Michael Bloomberg's presidential campaign hosted dozens of Massachusetts' business leaders Friday at a closed-door meeting to pitch the former New York Mayor as a rival to President Trump and to reassure potential supporters that he won't repeat his disappointing debut debate performance.

"We clearly had a little bit of a rough night on the debate stage. We're going to be better next week down in South Carolina," Jim Anderson, a senior adviser to Bloomberg, told reporters after the private meeting at the offices of law firm Foley Hoag in Boston.

"We own the blame as his staff," Anderson said. "We didn't have him ready for the fight. We'll get him there."

A late entrant to the race, Bloomberg is skipping the first four contests — Iowa, New Hampshire, Nevada and South Carolina — with the hope that he can outperform his rivals with voters on Super Tuesday states. The former mayor of New York City has pumped millions of dollars into ads airing in those 14 states, which includes Massachusetts.

During the meeting, Anderson strove to reassure those otherwise excited about a Bloomberg candidacy that the candidate's lackluster debate performance was a one-time fluke. He also addressed the controversial "stop and frisk" policy as New York mayor and reiterated the candidate's apologies to communities of color for what he now says was a damaging program.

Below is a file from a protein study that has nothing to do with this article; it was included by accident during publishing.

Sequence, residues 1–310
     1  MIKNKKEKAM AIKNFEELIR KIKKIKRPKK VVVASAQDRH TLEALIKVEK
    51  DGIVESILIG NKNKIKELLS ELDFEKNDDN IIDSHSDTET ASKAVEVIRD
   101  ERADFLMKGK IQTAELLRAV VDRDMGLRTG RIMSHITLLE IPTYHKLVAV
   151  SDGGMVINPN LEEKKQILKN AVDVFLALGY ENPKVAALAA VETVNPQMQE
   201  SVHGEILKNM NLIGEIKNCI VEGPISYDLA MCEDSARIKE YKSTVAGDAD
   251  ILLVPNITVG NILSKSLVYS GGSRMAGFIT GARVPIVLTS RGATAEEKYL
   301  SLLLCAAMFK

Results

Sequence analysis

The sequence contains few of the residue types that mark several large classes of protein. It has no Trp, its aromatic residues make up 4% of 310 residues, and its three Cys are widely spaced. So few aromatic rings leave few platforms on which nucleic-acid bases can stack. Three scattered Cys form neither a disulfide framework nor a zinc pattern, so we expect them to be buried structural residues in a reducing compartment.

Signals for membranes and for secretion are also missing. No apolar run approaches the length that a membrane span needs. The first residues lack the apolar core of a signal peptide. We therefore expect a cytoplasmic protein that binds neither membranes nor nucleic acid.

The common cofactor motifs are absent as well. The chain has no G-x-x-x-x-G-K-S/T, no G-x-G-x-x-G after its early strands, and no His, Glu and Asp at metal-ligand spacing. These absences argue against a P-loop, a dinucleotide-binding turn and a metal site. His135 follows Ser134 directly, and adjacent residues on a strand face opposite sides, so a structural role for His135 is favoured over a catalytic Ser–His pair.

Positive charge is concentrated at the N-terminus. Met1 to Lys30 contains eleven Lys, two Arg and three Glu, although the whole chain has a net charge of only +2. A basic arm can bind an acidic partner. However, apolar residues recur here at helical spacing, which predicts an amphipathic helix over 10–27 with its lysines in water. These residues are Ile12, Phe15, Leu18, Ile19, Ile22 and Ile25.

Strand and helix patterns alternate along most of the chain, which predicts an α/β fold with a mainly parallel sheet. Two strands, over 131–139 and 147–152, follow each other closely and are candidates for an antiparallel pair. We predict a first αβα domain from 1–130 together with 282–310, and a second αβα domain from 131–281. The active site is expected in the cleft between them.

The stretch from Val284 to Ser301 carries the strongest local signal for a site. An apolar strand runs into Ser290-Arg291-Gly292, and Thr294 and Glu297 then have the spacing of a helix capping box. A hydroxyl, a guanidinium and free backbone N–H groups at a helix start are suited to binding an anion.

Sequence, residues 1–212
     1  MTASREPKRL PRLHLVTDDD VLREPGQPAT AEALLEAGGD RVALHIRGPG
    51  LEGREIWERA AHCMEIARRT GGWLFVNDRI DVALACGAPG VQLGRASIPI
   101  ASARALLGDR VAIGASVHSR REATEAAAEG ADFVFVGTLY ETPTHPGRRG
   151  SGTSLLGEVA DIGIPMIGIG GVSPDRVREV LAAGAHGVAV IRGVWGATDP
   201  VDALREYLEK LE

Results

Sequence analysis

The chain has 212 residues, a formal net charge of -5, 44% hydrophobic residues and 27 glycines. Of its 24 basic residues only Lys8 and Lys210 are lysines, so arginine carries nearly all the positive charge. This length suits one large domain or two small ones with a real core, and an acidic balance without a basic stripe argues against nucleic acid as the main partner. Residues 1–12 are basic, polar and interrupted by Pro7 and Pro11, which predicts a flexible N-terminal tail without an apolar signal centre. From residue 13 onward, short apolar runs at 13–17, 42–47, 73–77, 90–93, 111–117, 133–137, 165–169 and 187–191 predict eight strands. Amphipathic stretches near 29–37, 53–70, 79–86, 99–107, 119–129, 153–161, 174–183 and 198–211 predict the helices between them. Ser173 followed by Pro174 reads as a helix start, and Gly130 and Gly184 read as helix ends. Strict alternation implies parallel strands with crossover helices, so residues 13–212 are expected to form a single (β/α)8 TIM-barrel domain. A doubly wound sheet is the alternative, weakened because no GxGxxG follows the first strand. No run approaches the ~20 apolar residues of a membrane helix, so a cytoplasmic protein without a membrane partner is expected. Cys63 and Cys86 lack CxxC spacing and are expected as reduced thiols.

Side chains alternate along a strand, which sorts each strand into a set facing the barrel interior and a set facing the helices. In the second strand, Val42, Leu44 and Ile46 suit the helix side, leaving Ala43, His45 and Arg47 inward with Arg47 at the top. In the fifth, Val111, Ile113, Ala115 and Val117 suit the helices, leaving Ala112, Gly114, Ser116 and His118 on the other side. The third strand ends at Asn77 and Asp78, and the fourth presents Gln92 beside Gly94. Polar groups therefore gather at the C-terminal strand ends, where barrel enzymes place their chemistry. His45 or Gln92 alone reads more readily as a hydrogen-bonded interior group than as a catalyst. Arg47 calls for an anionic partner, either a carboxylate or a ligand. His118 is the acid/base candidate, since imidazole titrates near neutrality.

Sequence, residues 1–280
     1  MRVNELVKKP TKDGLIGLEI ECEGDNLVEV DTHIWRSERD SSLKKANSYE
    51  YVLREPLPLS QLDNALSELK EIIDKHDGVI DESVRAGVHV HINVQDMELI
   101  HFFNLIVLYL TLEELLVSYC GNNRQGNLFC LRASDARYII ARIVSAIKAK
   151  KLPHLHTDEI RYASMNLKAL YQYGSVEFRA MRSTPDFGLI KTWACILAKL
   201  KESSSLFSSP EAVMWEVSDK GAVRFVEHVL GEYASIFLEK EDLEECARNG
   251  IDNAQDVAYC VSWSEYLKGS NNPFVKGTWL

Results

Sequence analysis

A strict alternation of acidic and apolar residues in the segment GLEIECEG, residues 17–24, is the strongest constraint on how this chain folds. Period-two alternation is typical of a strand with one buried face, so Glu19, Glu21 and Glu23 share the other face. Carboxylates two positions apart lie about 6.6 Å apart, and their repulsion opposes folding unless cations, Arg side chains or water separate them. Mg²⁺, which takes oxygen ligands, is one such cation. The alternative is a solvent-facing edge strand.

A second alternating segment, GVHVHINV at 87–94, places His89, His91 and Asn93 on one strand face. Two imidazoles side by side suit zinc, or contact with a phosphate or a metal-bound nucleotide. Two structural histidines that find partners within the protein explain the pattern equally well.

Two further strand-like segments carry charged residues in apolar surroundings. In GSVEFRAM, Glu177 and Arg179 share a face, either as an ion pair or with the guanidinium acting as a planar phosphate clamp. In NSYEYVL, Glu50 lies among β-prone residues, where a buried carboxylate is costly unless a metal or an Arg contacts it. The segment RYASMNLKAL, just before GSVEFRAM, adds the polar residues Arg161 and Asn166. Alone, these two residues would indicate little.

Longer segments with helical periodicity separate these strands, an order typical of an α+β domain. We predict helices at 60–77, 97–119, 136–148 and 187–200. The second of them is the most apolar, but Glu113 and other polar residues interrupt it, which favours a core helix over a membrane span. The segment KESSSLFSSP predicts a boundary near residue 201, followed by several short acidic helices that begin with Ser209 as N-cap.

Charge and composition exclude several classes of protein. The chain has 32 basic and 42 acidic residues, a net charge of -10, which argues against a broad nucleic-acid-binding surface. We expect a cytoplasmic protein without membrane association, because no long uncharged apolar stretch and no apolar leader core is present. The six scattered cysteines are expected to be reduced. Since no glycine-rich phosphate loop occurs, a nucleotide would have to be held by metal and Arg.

Communications executive Colette Phillips told WGBH News she's comfortable with Bloomberg's apologies for stop and frisk and believes he'd make amends as president.

"One of the things that happens sometimes is when people make big mistakes and they're willing to admit it, they're going to do everything in their power," Phillips said. "I believe that Mike Bloomberg will do everything in his power to never make those mistakes again."

Those at the meeting described the crowd of local business leaders as mostly made up of moderate Democrats that believe Vermont Sen. Bernie Sanders and Massachusetts Sen. Elizabeth Warren are too liberal to defeat Trump. An alternative to moderates like former Vice President Joe Biden, former mayor Pete Buttigieg and Minnesota Sen. Amy Klobachar would be appealing to some Massachusetts moderates heading into Super Tuesday, according to one attendee.